Iron ‘Up Close’
What is iron and why do we need it?
Feeling lethargic and exhausted? Iron deficiency anaemia is the most common type of anaemia. Anaemia is a common medical condition in which you lack red blood cells to carry around oxygen in your body.
Iron is a mineral, which plays a special role in human health and disease. We need iron for the formation of haemoglobin and myoglobin. Haemoglobin is a protein that carries oxygen around the body from our lungs, to our organs and tissues. Myoglobin is a protein that can be found in the muscle cells and it stores and releases oxygen. We call upon the oxygen stored in myoglobin when we use our muscles to walk, run, climb or move in any way.
What is the recommended daily intake of iron?
The recommended intake of iron is:
- For men (over 18 years): 8.7 mg/day
- For women (aged 18 to 50): 14.8 mg/day
- For women (over 50 years): 8.7 mg/day
Women require more iron than men to make up for the amount of iron they lose during menstruation. Around 1 mg of iron is lost for every day of bleeding.
“Dietary iron is found in two basic forms, heme and non-heme. Heme iron is the most bioavailable form of iron.”
Most people are able to obtain all the iron they need a healthy, varied diet. The body has certain ‘iron balancing’ systems in place to make sure we just get enough, and not too much. When we have an intake of iron that’s too high, we can feel sick, constipated, nauseous and experience stomach pains. Very high doses of iron can even be fatal, so never exceed the recommended usage when you take a supplement.
A person who is iron deficient may be anaemic and as a result, may have one or more symptoms of anaemia (lack of red blood cells). These can range from mild to more severe and include but are not limited to chronic fatigue, weakness, dizziness, headaches and depression.
Which foods contain iron?
Dietary iron is found in two basic forms, heme and non-heme. Heme iron can be found in animal-based food sources, non-heme iron can be found in plant-based foods. Heme iron is the most bioavailable form of iron, meaning it is more easily absorbed by our body for use.
Vitamin C and/or heme iron consumed at the same time or within the same meal can improve the absorption of non-heme iron. Polyphenols on the other hand, found in tea, coffee and wine, have been demonstrated to inhibit non-heme iron absorption. Calcium has also been found to inhibit both the uptake of heme and non-heme iron. These factors bind to iron in the intestine and prevent the iron from being completely absorbed.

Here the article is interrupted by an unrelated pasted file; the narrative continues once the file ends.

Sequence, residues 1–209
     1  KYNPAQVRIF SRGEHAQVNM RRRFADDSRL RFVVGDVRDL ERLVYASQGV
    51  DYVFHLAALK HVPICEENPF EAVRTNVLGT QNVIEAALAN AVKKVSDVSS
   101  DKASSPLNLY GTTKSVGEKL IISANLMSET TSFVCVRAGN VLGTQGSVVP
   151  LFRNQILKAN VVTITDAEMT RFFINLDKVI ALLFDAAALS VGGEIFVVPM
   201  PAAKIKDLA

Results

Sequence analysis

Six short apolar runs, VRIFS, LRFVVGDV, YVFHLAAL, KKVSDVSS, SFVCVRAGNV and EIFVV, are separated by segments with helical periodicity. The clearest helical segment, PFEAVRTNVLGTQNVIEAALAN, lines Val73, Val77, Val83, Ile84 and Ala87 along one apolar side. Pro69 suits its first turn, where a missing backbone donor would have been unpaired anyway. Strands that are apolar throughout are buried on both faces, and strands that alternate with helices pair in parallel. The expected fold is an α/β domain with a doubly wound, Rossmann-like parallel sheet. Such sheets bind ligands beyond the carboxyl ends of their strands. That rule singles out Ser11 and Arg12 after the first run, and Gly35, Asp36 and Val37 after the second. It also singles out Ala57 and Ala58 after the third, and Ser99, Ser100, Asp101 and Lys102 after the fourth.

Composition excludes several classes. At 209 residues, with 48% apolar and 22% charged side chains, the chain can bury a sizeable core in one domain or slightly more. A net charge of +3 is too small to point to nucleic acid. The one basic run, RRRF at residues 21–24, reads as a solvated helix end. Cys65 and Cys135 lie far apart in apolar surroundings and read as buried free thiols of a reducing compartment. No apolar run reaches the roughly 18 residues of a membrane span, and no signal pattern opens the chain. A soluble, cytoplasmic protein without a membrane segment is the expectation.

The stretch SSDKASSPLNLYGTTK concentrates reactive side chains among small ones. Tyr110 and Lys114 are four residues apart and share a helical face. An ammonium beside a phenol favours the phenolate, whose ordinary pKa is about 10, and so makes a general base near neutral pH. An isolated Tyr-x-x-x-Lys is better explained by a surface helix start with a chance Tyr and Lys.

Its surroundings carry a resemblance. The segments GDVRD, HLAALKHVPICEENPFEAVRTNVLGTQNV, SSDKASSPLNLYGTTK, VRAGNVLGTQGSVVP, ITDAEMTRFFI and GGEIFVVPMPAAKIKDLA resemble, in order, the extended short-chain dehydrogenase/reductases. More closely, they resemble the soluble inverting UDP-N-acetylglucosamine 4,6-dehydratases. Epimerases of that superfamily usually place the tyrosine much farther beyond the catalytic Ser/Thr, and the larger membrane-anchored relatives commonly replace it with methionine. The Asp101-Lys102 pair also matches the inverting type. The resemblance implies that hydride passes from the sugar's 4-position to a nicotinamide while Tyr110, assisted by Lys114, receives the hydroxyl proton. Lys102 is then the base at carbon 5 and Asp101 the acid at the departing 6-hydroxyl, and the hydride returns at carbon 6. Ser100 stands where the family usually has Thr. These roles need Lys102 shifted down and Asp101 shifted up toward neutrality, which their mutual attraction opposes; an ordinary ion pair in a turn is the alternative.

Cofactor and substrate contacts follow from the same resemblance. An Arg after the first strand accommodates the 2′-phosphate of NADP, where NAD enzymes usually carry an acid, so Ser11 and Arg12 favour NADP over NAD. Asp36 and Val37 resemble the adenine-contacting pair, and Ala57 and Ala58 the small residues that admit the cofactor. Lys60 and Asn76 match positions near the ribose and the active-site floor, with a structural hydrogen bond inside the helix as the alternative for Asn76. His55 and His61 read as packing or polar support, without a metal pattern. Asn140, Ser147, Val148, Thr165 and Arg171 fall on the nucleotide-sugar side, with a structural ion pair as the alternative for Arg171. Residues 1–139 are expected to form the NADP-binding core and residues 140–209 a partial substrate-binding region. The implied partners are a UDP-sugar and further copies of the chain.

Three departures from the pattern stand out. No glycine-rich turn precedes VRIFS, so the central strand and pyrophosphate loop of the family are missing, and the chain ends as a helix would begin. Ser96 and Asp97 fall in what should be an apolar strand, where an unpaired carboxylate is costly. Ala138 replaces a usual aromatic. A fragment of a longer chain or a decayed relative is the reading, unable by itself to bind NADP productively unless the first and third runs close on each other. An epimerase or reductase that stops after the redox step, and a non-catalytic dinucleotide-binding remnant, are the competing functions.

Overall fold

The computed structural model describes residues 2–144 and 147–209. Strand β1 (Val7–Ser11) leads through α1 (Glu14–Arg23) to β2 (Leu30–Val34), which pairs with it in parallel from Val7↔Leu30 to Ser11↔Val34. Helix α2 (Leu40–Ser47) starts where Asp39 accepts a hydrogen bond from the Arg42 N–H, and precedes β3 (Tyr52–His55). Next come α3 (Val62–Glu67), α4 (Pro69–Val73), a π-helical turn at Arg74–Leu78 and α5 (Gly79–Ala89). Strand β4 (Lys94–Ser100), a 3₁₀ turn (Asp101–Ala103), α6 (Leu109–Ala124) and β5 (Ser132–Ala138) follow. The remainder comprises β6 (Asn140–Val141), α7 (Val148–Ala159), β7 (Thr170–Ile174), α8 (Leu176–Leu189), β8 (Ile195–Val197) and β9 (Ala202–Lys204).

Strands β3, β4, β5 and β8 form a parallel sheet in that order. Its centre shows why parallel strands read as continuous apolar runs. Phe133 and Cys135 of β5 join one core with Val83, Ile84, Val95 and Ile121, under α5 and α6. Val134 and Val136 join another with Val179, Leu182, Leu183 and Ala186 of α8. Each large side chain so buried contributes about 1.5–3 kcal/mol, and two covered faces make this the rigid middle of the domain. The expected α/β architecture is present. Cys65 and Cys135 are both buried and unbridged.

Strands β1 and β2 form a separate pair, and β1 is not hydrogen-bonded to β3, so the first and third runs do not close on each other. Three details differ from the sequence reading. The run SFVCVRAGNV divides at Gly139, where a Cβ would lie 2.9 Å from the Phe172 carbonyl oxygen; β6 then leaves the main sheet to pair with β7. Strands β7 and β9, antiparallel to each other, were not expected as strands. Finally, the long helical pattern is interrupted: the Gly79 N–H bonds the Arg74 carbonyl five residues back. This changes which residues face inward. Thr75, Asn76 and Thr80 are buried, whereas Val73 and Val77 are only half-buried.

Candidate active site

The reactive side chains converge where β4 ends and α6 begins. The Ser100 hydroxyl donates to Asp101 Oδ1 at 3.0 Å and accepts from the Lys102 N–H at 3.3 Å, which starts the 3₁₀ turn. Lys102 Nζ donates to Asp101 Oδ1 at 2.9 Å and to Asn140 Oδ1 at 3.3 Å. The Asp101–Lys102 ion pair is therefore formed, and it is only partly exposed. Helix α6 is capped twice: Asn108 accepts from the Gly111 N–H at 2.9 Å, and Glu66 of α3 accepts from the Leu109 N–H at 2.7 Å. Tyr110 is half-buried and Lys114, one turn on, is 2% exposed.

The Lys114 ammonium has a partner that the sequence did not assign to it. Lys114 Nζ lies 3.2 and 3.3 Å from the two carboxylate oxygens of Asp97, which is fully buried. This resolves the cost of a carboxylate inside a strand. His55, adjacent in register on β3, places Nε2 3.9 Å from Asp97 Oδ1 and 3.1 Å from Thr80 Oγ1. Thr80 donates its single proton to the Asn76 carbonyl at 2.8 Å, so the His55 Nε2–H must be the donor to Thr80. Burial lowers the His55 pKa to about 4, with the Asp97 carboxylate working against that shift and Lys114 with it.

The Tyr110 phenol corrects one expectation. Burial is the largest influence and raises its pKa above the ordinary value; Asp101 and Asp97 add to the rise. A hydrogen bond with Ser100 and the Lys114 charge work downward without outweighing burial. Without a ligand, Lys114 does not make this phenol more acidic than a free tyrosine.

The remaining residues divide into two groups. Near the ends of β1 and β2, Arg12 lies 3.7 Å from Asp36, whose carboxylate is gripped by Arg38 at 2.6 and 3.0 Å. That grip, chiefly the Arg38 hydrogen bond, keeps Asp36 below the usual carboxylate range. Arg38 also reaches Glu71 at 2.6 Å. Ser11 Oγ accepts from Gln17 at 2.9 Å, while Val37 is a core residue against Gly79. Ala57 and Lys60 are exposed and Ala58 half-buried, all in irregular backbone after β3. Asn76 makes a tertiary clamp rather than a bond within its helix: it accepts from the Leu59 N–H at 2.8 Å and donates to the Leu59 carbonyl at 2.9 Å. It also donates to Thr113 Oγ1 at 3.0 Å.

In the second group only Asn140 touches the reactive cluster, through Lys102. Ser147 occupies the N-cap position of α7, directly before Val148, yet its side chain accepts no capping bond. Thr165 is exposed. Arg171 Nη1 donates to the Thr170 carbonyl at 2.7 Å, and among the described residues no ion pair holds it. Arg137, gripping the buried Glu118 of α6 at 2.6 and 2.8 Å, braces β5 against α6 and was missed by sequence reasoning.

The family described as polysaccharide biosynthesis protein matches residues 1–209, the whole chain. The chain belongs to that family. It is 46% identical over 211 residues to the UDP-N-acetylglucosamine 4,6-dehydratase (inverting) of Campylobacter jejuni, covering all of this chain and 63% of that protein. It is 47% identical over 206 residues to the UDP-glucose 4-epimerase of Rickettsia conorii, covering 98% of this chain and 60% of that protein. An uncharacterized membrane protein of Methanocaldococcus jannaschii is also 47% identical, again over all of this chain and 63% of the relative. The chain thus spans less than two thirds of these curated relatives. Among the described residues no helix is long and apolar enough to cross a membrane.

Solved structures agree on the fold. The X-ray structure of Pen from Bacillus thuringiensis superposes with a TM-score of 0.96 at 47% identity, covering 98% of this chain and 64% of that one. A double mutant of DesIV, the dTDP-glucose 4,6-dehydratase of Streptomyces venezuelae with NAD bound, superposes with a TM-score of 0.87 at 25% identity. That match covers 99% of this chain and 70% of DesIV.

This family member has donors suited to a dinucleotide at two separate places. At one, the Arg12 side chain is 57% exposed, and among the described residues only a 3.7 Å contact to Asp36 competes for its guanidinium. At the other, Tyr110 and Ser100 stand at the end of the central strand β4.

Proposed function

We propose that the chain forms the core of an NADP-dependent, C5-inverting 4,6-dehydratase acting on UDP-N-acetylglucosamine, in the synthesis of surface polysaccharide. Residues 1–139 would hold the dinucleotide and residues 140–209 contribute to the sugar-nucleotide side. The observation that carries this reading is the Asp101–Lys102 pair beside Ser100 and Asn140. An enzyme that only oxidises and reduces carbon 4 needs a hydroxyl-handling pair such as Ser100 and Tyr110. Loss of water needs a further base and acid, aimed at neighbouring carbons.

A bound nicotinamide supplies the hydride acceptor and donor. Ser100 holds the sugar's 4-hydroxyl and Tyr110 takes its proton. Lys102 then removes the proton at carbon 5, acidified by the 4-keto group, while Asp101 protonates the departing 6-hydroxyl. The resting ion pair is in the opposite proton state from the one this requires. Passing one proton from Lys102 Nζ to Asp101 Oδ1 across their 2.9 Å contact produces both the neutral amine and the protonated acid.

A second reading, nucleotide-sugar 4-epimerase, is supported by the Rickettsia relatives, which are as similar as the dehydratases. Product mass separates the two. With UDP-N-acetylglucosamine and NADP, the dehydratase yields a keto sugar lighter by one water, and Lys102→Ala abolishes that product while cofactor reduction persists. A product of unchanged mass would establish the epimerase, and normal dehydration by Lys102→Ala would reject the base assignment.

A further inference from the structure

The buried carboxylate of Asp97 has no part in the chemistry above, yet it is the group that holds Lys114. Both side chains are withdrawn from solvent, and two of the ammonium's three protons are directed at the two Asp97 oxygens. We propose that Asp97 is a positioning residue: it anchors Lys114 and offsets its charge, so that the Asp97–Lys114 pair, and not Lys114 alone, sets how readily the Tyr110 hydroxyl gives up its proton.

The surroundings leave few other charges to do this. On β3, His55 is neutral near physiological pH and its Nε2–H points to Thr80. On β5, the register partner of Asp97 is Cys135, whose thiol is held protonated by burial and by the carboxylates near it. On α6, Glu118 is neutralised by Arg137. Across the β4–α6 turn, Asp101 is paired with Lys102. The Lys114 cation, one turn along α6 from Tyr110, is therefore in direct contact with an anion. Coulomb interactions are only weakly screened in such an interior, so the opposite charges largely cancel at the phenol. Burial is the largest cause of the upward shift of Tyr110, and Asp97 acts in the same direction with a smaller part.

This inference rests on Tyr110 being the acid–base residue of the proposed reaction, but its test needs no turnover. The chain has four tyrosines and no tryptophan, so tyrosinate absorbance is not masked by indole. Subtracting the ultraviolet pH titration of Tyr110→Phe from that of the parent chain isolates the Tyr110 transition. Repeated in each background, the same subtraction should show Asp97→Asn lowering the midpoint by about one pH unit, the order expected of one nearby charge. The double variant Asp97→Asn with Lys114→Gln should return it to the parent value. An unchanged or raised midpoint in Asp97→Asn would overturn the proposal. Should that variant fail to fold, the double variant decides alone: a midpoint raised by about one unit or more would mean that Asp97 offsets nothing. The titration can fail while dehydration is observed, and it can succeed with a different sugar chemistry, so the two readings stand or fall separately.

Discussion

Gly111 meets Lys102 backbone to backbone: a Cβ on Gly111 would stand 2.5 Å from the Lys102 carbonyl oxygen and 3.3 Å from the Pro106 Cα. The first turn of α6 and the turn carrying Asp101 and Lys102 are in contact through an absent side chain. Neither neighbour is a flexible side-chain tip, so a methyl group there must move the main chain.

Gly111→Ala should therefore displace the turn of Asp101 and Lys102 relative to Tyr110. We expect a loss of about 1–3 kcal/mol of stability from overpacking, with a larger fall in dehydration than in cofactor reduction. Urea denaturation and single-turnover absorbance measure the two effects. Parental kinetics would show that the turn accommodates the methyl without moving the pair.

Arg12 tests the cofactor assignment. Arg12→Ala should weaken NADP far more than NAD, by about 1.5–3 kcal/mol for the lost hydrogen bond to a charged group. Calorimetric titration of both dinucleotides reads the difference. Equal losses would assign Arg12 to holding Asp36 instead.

Sources of heme iron:
- Meat and poultry
- Clams, oysters and mussels
Sources of non-heme iron:
- Green leafy vegetables (Spinach, Kale, Broccoli, Cabbage)
- Soy products (Tofu, Tempeh)
- Fortified cereals
How can I increase iron levels in my diet?
“Always ask for advice from your GP before iron supplementation, as excessive intake of iron can be harmful”
For most of us, a healthy diet with plenty of variety will supply us with sufficient iron intake, but in case you need some extra tips on iron-rich meals, we’ve got just that!
- Alternate between iron-rich animal-based protein sources such as red meat, poultry and fish
- Add pulses and legumes such as beans and lentils to bulk out plant-based stews or curries
- Sprinkle salads (or any meals) with nuts and seeds, or dried fruits such as apricots and raisins
- Dress leafy green full salads with a source of vitamin C such as a squeeze of lemon, to promote better absorption of non-heme iron
- Try to avoid consuming foods which may inhibit iron absorption at the same time, such as dairy products or tea, coffee and wine
For some people, a supplement can be recommended (women who experience heavy bleeding during menstruation, endurance athletes, or those who have suffered blood loss due to surgery or an accident for example). However, always ask for advice from your GP before iron supplementation, as excessive intake of iron can be harmful.